One day after the devastating bushfire at Binna Burra Lodge on Sunday 8 September 2019
Extract of article in The Guardian. By Ben Smee, published Monday 9 Sep 2019
Impacts of climate change.
'Like nothing we've seen': Queensland bushfires tear through rainforest’
Fires that swept though subtropical rainforest around the historic Binna Burra lodge are unprecedented, experts say.
Early on Sunday morning, a fire front climbed into the Lamington national park and razed Binna Burra, a historic eco-tourism lodge built in the 1930s and surrounded by subtropical Gondwana rainforest.
The heritage-listed main lodge was built in 1933. It has never before been seriously threatened by bushfire, protected in part by lush and damp surroundings that typically suppress the progress of dangerous fires.
“There have certainly been fires in the area before,” said the lodge chairman, Steve Noakes. “Back in the traditional owners’ time there’s evidence of fires, but certainly in the period of European history in this part of Australia, this is the most catastrophic.’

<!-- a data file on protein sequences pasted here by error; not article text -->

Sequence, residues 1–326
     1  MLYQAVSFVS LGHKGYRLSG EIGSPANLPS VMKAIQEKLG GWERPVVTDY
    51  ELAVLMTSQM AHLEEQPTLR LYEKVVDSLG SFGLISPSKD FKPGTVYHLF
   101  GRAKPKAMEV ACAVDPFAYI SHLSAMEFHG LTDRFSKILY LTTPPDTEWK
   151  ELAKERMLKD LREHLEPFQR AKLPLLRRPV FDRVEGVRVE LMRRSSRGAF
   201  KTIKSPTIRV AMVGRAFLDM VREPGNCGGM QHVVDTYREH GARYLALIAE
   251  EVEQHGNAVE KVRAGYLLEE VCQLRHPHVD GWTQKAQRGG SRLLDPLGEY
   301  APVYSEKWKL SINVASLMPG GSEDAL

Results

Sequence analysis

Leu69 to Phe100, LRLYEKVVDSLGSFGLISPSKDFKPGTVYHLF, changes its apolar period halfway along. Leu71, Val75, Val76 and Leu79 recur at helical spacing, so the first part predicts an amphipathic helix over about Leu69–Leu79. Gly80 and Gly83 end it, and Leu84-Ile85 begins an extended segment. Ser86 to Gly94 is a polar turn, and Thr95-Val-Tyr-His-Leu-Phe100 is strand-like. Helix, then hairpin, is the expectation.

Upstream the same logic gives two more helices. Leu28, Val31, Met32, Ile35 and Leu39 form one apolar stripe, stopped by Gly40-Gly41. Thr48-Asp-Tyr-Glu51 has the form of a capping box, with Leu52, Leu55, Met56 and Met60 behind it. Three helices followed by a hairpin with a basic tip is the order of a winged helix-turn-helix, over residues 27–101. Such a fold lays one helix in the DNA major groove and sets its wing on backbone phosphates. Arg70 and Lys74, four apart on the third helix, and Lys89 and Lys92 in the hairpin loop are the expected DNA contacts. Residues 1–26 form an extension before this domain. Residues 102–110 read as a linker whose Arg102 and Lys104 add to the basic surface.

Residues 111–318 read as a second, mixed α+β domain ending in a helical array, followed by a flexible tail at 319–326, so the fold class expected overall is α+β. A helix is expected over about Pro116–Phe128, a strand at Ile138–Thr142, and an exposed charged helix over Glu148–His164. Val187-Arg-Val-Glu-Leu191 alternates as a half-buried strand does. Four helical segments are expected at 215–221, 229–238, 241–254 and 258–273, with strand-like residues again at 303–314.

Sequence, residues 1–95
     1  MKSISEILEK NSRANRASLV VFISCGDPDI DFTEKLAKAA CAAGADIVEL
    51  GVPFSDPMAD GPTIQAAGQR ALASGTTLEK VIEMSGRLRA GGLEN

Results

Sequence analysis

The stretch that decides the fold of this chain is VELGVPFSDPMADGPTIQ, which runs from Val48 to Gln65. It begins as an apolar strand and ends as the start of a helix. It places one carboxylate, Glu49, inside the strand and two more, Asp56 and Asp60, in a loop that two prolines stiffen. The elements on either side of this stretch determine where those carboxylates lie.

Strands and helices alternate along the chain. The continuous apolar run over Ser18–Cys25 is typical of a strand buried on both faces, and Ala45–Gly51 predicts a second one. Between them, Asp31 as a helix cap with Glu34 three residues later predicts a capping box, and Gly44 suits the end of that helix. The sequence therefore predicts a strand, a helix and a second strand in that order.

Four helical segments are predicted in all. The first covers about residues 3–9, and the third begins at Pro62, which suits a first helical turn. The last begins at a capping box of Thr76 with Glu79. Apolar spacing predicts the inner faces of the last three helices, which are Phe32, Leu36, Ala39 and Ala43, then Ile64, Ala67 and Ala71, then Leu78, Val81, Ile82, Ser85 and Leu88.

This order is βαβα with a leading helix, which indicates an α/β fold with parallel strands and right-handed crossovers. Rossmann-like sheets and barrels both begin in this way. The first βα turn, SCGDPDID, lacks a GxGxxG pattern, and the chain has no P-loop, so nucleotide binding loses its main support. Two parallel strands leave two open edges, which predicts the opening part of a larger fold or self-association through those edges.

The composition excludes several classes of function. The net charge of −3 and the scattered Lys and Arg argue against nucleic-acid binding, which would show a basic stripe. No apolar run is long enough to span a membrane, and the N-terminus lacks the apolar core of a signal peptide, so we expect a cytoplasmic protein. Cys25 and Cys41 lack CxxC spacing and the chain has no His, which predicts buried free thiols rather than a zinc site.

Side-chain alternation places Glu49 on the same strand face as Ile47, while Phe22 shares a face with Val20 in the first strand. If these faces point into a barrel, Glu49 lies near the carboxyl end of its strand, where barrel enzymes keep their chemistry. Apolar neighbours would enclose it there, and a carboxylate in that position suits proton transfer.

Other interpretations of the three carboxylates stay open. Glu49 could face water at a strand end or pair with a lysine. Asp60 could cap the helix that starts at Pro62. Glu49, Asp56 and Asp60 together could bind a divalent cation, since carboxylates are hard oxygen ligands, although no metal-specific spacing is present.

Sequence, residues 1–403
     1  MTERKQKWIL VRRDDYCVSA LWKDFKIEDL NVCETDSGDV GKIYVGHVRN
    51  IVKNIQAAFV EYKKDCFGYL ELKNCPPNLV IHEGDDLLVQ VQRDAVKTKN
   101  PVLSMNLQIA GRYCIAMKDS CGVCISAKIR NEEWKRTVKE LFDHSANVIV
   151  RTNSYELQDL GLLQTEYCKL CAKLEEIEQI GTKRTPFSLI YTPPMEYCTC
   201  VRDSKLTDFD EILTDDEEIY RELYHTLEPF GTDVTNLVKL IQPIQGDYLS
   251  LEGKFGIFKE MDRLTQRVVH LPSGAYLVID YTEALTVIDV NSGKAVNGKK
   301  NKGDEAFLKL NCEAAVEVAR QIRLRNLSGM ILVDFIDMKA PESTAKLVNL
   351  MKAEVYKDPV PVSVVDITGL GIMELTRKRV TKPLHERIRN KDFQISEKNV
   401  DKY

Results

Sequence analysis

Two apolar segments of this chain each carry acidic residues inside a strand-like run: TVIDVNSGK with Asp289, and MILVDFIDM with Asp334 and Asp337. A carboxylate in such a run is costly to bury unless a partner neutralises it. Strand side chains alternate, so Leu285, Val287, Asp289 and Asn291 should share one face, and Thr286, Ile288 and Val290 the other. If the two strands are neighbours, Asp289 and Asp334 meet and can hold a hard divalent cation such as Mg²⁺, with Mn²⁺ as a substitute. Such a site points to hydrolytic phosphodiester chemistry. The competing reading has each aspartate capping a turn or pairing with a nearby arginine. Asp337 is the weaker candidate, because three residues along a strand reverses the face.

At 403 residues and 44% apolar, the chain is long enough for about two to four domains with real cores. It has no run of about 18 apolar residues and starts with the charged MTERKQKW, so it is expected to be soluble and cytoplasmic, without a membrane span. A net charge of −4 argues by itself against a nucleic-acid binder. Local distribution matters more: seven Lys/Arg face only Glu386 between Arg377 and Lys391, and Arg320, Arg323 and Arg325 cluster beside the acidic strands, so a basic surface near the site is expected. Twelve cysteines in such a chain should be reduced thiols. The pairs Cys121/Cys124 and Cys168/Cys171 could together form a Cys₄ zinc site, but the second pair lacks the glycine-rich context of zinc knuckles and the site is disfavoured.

Noakes said the situation was “a signal to us that we need to take a more proactive approach to climate change”. We need to know more about the impact of climate change on subtropical rainforests of Australia and what that means in terms of long-term infrastructure. That’s why people come to Queensland, to experience these places.”
He said Binna Burra would be rebuilt in a way that took into account the likely impacts of climate change. “Binna Burra is 86 years old. When we position and design and build and operate tourism infrastructure in these sorts of natural environments, we have to think about 50 or 100 years ahead and what changes climate impacts are going to have on the built infrastructure.
“Our responsibility now is to have a vision that is crafted on the knowledge and the understanding of the climate as it will impact on the tropical and subtropical rainforest.”